• The solution to Newton's GEXACT VALUE & FORMULA
  • The theory controlling planetary spinTHE MATHEMATICAL LAW
  • The pressure at the centre of a massEARTH'S CORE PRESSURE (calculation procedure)
  • Proof of the non-exitence of Dark MatterDOES NOT EXIST
  • The atom as Newton and Coulomb describe itNO NEED FOR A UNIFICATION THEORY
The solution to Newton's G1 The theory controlling planetary spin2 Pressure at the centre of the Earth3 Proof of the non-exitence of Dark Matter4 The atom as Newton describes it5
Materials Carbon Steel SAE Steel Grading Plain Carbon Steels Special Carbon Steels Alloy Carbon Steels Stainless Steels Uses Utilisation

Stainless Steel

Definition:
Stainless steel is a carbon steel that contains between 3% and 30% chromium
Stainless iron is a stainless steel with less than 0.05% carbon

As a rule of thumb;
If %Cr:%C ≤ 90 the stainless steel should be Martensitic
If %Cr:%C > 90 and contains nickel the stainless steel should be Austenitic
If %Cr:%C > 90 and contains no nickel the stainless steel should be Ferritic

There are exceptions to the above rule e.g. AISI 502, which is ferritic but should be martensitic in that its %Cr:%C = 50, however, it has insufficient chromium (≈5%) to allow martensite to generate naturally.

As the level of chromium is increased it is advisable to also increase the carbon content in order to minimise the quantity of free chromium. This is because chromium and carbon together generate very hard and stable chromium carbides but too much free chromium would cause grain growth and thus embrittlement.

Austenitic

Austenitic stainless steels contain high levels of nickel (3.5% to 22%) and exist as a face centre cubic lattice structure in their primary phase when cooled to room temperature. The basis for austenitic stainless steel is the AISI 302 (18-8) grade steel that contains 18% chromium and 8% nickel. The amounts of chromium and nickel can be varied but the face centre cubic lattice structure must remain in place at room temperature for these steels to be austenitic. Austenitic stainless steels cannot be hardened with heat treatment; they need to be cold worked to increase hardness.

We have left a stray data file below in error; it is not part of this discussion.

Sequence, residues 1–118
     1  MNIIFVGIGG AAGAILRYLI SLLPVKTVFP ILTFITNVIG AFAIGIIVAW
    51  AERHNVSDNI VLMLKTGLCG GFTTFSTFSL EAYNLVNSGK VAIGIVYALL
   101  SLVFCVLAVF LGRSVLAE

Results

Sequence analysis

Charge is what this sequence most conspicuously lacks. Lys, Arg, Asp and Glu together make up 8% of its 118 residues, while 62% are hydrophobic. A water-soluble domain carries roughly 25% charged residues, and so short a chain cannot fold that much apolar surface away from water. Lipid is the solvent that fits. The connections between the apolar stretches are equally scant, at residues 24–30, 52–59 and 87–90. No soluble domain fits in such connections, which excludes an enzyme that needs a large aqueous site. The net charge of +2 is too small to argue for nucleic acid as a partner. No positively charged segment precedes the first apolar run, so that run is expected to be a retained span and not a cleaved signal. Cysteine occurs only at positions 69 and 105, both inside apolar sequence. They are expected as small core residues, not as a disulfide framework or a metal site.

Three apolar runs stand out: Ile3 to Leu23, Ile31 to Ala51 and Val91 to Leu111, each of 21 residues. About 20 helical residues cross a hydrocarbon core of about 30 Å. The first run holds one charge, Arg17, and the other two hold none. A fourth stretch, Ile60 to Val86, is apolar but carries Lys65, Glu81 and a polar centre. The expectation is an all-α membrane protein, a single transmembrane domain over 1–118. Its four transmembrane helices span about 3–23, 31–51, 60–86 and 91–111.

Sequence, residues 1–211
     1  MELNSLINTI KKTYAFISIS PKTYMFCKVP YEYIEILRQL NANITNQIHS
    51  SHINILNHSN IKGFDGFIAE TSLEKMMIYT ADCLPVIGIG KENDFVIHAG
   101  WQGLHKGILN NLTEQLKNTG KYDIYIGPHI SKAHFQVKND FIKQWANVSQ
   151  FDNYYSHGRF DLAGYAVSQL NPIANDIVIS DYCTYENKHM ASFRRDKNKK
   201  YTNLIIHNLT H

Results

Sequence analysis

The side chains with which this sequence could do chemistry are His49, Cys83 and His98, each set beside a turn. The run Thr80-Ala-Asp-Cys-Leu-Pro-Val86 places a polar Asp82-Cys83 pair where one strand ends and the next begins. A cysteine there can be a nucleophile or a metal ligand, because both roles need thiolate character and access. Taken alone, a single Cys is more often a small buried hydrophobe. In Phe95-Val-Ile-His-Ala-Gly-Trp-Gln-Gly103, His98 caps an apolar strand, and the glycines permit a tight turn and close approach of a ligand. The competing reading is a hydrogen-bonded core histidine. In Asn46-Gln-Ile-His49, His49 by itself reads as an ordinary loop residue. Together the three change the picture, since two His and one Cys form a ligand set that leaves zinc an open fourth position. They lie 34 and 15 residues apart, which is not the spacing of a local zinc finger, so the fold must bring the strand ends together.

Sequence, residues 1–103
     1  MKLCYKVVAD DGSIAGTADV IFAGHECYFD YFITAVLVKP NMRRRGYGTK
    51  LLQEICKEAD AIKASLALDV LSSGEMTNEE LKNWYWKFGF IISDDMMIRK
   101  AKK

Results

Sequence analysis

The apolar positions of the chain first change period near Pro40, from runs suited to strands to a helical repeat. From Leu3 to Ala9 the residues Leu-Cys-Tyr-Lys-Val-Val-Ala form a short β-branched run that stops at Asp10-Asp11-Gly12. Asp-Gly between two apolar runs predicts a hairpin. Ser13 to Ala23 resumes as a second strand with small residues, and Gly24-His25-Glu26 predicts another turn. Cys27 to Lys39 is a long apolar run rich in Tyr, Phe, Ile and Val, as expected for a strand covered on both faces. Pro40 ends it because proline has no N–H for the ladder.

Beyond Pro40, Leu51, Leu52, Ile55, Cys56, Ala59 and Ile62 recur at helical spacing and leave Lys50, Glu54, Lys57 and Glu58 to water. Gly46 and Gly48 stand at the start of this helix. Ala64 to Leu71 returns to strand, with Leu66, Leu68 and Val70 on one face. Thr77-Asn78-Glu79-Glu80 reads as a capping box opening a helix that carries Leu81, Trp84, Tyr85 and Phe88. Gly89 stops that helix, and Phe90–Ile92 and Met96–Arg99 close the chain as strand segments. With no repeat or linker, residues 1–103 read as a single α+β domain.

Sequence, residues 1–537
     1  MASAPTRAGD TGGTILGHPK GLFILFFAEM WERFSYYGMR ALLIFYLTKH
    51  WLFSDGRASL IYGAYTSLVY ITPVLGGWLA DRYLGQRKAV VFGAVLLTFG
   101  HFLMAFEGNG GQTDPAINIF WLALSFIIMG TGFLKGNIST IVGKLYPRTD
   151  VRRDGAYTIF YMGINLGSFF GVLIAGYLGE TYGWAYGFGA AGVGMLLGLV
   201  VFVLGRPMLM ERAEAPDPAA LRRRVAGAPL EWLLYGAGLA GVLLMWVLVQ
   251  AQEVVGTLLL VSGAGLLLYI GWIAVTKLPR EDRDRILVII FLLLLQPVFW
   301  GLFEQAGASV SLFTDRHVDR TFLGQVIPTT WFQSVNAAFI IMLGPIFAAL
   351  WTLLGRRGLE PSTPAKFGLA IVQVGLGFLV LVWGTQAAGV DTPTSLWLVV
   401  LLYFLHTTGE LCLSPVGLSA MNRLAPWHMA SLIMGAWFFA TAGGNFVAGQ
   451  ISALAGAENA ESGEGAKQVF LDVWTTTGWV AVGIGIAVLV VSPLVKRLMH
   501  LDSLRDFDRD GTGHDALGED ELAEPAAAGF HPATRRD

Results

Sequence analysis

AISISMYS
(MPa)
UTS
(MPa)
e
(%)
BHNChemistry
(%)
Cr:C
20137979355185C ≤0.15; Cr 16≤18;
Ni 3.5≤5.5; Mn ≤7.5; Si ≤1
113
20237972455185C ≤0.15; Cr 17≤19;
Ni 4≤6; Mn ≤10; Si ≤1
120
30127675860165C ≤0.15; Cr 16≤18;
Ni 6≤8; Mn ≤2; Si ≤1
113
30227662150165C ≤0.15; Cr 17≤19;
Ni 8≤10; Mn ≤2; Si ≤1
120
30324162150145C ≤0.15; Cr 17≤19;
Ni 8≤10; Mn ≤2; Si ≤1; S ≤0.15
120
30424158660150C ≤0.08; Cr 18≤20;
Ni 8≤10.5; Mn ≤2; Si ≤1
238
30526258650156C ≤0.12; Cr 17≤19;
Ni 10.5≤13; Mn ≤2; Si ≤1
150
30824158650150C ≤0.08; Cr 19≤21;
Ni 10≤12; Mn ≤2; Si ≤1
250
30931062145165C ≤0.2; Cr 22≤24;
Ni 12≤15; Mn ≤2; Si ≤1
115
31031065545165C ≤0.25; Cr 24≤26;
Ni 19≤22; Mn ≤2; Si ≤1.5
100
31434568945170C ≤0.25; Cr 23≤26;
Ni 19≤22; Mn ≤2; Si ≤3
98
31620755260142C ≤0.08; Cr 16≤18;
Ni 10≤14; Mn ≤2; Si ≤1; Mo 2≤3
213
316L29055850147C ≤0.03; Cr 16≤18;
Ni 10≤14; Mn ≤2; Si ≤1; Mo 2≤3
567
31727658650160C ≤0.08; Cr 18≤20;
Ni 11≤15; Mn ≤2; Si ≤1; Mo 3≤4
238
32120758655165C ≤0.08; Cr 17≤19;
Ni 9≤12; Mn ≤2; Si ≤1; Ti ≤5xC
225
34724162150160C ≤0.08; Cr 17≤19;
Ni 9≤12; Mn ≤2; Si ≤1; Cb-Ta ≤10xC
225

Ferritic

Ferritic stainless steels contain no nickel and exist as a body centre cubic lattice structure in their primary phase when cooled to room temperature. The basis for ferritic stainless steel is the AISI 430 grade steel that contains 18% chromium. The amount of chromium can be varied but the body centre cubic lattice structure must remain in place at room temperature for these steels to be ferritic. Ferritic stainless steels cannot be hardened with heat treatment; they need to be cold worked to increase hardness.

AISISMYS
(MPa)
UTS
(MPa)
e
(%)
BHNChemistry
(%)
Cr:C
40527648330150C ≤0.08; Cr 11.5≤14.5;
Mn ≤1; Si ≤1; Al 0.1≤0.3
163
43027651730160C ≤0.12; Cr 16≤18;
Mn ≤1; Si ≤1
133
43436553123159C ≤0.12; Cr 16≤18;
Mn ≤1; Si ≤1; Mo 0.75≤1.25
142
43636553123159C ≤0.12; Cr 16≤18;
Mn ≤1; Si ≤1; Mo 0.75≤1.25
142
44231055220185C ≤0.2; Cr 18≤23;
Mn ≤1; Si ≤1
103
44634555225170C ≤0.2; Cr 23≤27;
Mn ≤1.5; Si ≤1
125
50220748330150C ≤0.1; Cr 4≤6;
Mn ≤1; Si ≤1; Mo 0.4≤0.65
50

Martensitic

Martensitic stainless steels are carbon steels with relatively high levels of carbon when compared to chromium. These stainless steels are excellent for producing clean, hard, sharp edges as they can be hardened through heat treatment without generating corrosion. They are therefore ideal for knives, surgical equipment, valve seats, and high-strength springs.